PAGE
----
Social and Cultural History of the Italian Renaissance Garden


Gardens and horticulture have been a central part of human civilisation, any changes in our gardens reflect changes in the wider society and vice versa. These changes were influenced by key factors such as politics, religion, wealth, status, travel, conflict, invention and advancements in science. Ideas and thoughts about garden designs were developed by intellectuals, philosophers and the elite who spent time writing and discussing these matters with their peers. This course explores the origins of the Italian Renaissance Garden, its key features, elements and underlying principles as well as their far-reaching legacy of its Victorian, early 20th century revival.

Following the rediscovery of horticultural texts from writers such as Pliny, Cicero and Petrarch as well as the excavation of ancient sites like Hadrian’s villa, the inward-looking Medieval stance of the hortus conclusus opened up to embrace the renaissance garden which exploited open hillside positions looking out both physically and intellectually.

In this ‘rebirth’ or Renaissance the garden became an art form in its own right, a place for social and political posturing. Spurred on by their papal, ducal or political ambitions, these gardens were created by popes, cardinals, princes, and the nobility who appropriated mythical gods and heroes as representatives of themselves. Gardens were composed and read as poems. Hercules and Venus were popular figures who frequently featured in the sophisticated allegorical programmes promoted within the gardens. We will look at examples of how and why powerful patrons such as the Medici, their designers and artists were inspired by the art, literature and theories of antiquity to create these magnificent gardens between the 15th and 17th centuries. Examples will include Villa Medici at Fiesole, Villa Castello, Villa Pratolino, Villa d’Este and Villa Lante which will enable the students to appreciate how the Italian renaissance garden evolved as we place the gardens in their social and cultural context.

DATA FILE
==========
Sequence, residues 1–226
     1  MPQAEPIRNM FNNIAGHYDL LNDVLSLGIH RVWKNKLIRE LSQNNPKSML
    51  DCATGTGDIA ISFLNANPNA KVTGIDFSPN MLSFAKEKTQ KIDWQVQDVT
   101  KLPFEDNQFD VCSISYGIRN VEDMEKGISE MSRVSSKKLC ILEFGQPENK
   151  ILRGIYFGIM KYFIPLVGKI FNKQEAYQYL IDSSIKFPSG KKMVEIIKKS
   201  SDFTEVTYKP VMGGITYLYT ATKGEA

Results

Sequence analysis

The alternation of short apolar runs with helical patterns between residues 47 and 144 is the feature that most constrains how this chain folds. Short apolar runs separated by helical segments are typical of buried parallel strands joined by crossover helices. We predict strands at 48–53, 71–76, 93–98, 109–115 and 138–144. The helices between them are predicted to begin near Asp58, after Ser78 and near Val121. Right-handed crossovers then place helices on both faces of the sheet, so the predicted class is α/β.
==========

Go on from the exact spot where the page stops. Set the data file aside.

Programme details

Courses starts: 25 Apr 2024

Please note there will be no class on Thursday 16th May

Week 1: Introduction: Before the Renaissance

Week 2: Inspiration from the ancients.

Week 3: Resting in pleasant places: The Early Villas and Gardens

Week 4: Elements of the renaissance Garden: What, Where, How and Why.

Week 5: Setting Trends: In the Medici Style

Week 6: Conspicuous consumption: High Renaissance Brilliance

Week 7: Symbolism: A nod is as good as a wink

Week 8: Artifice versus Nature versus Civilisation

Week 9: The Renaissance Garden and Beyond

Week 10: The Renaissance of the Italian Garden

Digital Certification

To complete the course and receive a certificate, you will be required to attend at least 80% of the classes on the course and pass your final assignment. Upon successful completion, you will receive a link to download a University of Oxford digital certificate. Information on how to access this digital certificate will be emailed to you after the end of the course. The certificate will show your name, the course title and the dates of the course you attended. You will be able to download your certificate or share it on social media if you choose to do so.


Description Costs
Course Fee £257.00
Take this course for CATS points £10.00